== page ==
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You Are Entitled To Do What You Want.

By May 17, 2019ANAD Blog

The first time I ever saw Chrissy Metz, who plays Kate in the phenomenally popular TV Series This Is Us, was when she was about to weigh herself. Each time before she got on the scale, there was one more article of clothing or piece of jewelry that she had to take off in the hope of lowering, even if just by a gram, that final number.

I trust this doesn’t count as a spoiler moment when I say that the number Kate saw when she finally did step on the scale was personally devastating, in ways I imagine many of us, including myself, know far too well.

But like many, if not every single one of us, neither Chrissy Metz or the character she plays let a number on a machine be the deciding storyline. Kate goes on (now I’ll really try to avoid spoilers here), to get married, lead an active social life, and have multiple life-changing moments that are so much important and defining than the size of her jeans. And while these are wonderful experiences for TV-Kate, her character is even more impactful once you know that the woman playing her is acting from her own feelings and experiences.

For me, Metz continues the (thankfully) emerging trends of actresses and other celebrities who are either pushing back against stereotypical Hollywood body narratives (thank you Jameela Jamil), or who are using their own challenges with weight and body image to add complexity to what for too long has been a short and shallow story. In a 2018 interview with Good Housekeeping magazine, Metz explained how “There are so many times in my life that I didn’t express how I felt . . . now I try to remember that you are entitled to do what you want.”

“You are entitled to do what you want,” now that is a sentence I think we should all type out and tape on our bathroom mirror. Because how many times have we stopped ourselves from taking part in an event or relationship because we’re worried about how we appear? Or even more painfully, how many times have we continued fueling thoughts and feelings that are nothing short of cruel to ourselves, but somehow we felt like we deserved them when we didn’t lose the five pounds we promised ourselves we would? It’s an excruciating place to be in, and it isn’t helped by what often seems like the constant bombardment of rail-thin models and airbrushed actresses.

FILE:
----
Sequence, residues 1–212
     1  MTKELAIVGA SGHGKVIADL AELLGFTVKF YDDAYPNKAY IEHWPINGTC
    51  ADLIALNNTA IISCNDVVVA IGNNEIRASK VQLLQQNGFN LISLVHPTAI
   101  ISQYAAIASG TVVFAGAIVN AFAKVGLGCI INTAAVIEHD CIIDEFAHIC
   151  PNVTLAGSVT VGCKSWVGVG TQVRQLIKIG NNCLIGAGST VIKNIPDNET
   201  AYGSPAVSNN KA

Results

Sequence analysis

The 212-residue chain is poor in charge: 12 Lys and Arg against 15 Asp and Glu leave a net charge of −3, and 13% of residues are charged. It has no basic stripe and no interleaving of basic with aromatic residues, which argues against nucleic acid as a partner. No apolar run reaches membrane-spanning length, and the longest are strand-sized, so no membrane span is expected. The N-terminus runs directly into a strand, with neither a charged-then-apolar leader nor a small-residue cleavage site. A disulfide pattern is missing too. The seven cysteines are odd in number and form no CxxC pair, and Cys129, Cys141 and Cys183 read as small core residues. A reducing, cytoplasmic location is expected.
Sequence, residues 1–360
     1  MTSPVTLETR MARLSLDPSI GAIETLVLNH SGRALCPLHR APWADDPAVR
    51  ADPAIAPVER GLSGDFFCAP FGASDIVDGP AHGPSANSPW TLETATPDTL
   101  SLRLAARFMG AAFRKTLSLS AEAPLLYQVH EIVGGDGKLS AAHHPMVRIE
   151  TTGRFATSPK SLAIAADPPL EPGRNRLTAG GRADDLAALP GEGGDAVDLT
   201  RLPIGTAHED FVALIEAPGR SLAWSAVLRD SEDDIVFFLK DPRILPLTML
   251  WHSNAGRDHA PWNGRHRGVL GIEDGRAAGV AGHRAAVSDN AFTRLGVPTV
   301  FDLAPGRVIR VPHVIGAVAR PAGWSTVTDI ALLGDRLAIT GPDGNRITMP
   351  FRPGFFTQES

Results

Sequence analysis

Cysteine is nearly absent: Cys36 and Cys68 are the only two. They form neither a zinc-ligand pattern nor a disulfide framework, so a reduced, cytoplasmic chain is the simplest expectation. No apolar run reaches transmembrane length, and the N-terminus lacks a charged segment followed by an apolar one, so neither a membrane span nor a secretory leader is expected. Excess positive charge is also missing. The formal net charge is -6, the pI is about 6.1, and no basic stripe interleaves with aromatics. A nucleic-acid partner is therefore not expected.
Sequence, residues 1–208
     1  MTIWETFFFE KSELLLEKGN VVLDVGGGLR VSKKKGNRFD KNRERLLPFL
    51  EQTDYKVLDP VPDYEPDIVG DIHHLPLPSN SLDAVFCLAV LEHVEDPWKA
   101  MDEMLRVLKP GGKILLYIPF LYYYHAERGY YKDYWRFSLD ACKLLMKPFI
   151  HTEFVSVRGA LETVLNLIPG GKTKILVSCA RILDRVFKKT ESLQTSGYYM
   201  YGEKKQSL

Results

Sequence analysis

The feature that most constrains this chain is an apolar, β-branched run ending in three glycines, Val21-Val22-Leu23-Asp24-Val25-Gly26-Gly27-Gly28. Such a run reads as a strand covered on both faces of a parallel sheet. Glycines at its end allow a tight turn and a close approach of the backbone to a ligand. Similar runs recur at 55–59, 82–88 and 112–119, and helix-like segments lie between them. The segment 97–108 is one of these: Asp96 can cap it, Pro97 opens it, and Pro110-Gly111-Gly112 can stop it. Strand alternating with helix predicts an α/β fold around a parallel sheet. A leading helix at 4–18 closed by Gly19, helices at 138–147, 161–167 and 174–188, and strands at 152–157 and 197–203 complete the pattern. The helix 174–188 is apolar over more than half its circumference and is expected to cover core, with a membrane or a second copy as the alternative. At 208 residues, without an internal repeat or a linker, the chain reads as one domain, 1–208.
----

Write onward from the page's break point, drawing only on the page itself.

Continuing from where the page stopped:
Metz talks about self-esteem and body image in her 2018 book This is Me: Loving the Person You Are Today. She writes how “I thought success and joy weren’t coming to me. They were inside me all along. Every little act I did of showing up for myself brought me to this moment.” This is what I like so much about Metz and what she emits as a writer, actress, and role model. What she tells us is that it isn’t about waiting for that perfect day where we wake up and look exactly the way we want and our life has suddenly come exactly in line. It’s about knowing that we are, hands down, absolutely fabulous even if we don’t really feel like it. We can know joy and success with or without that slice of chocolate cake or size 6, 8, or 12 dress; all of that pales in comparison to how we can feel about ourselves when we, as Metz says, finally start showing up for ourselves.

Now that Spring is (finally? hopefully?) here, Metz’s words are something that I especially want to carry with me as we enter into one of the most exciting seasons of the year. To me, Spring is a time where we can learn new things about ourselves that we hadn’t necessarily expected and find joy in areas we never anticipated. And with the increasing trend of prominent actresses who are truly living their best lives in all the best ways, I have a feeling this season will be more about how incredible each of us is and not about that meaningless number on the scale.


Written and contributed by Meghan McCoy!

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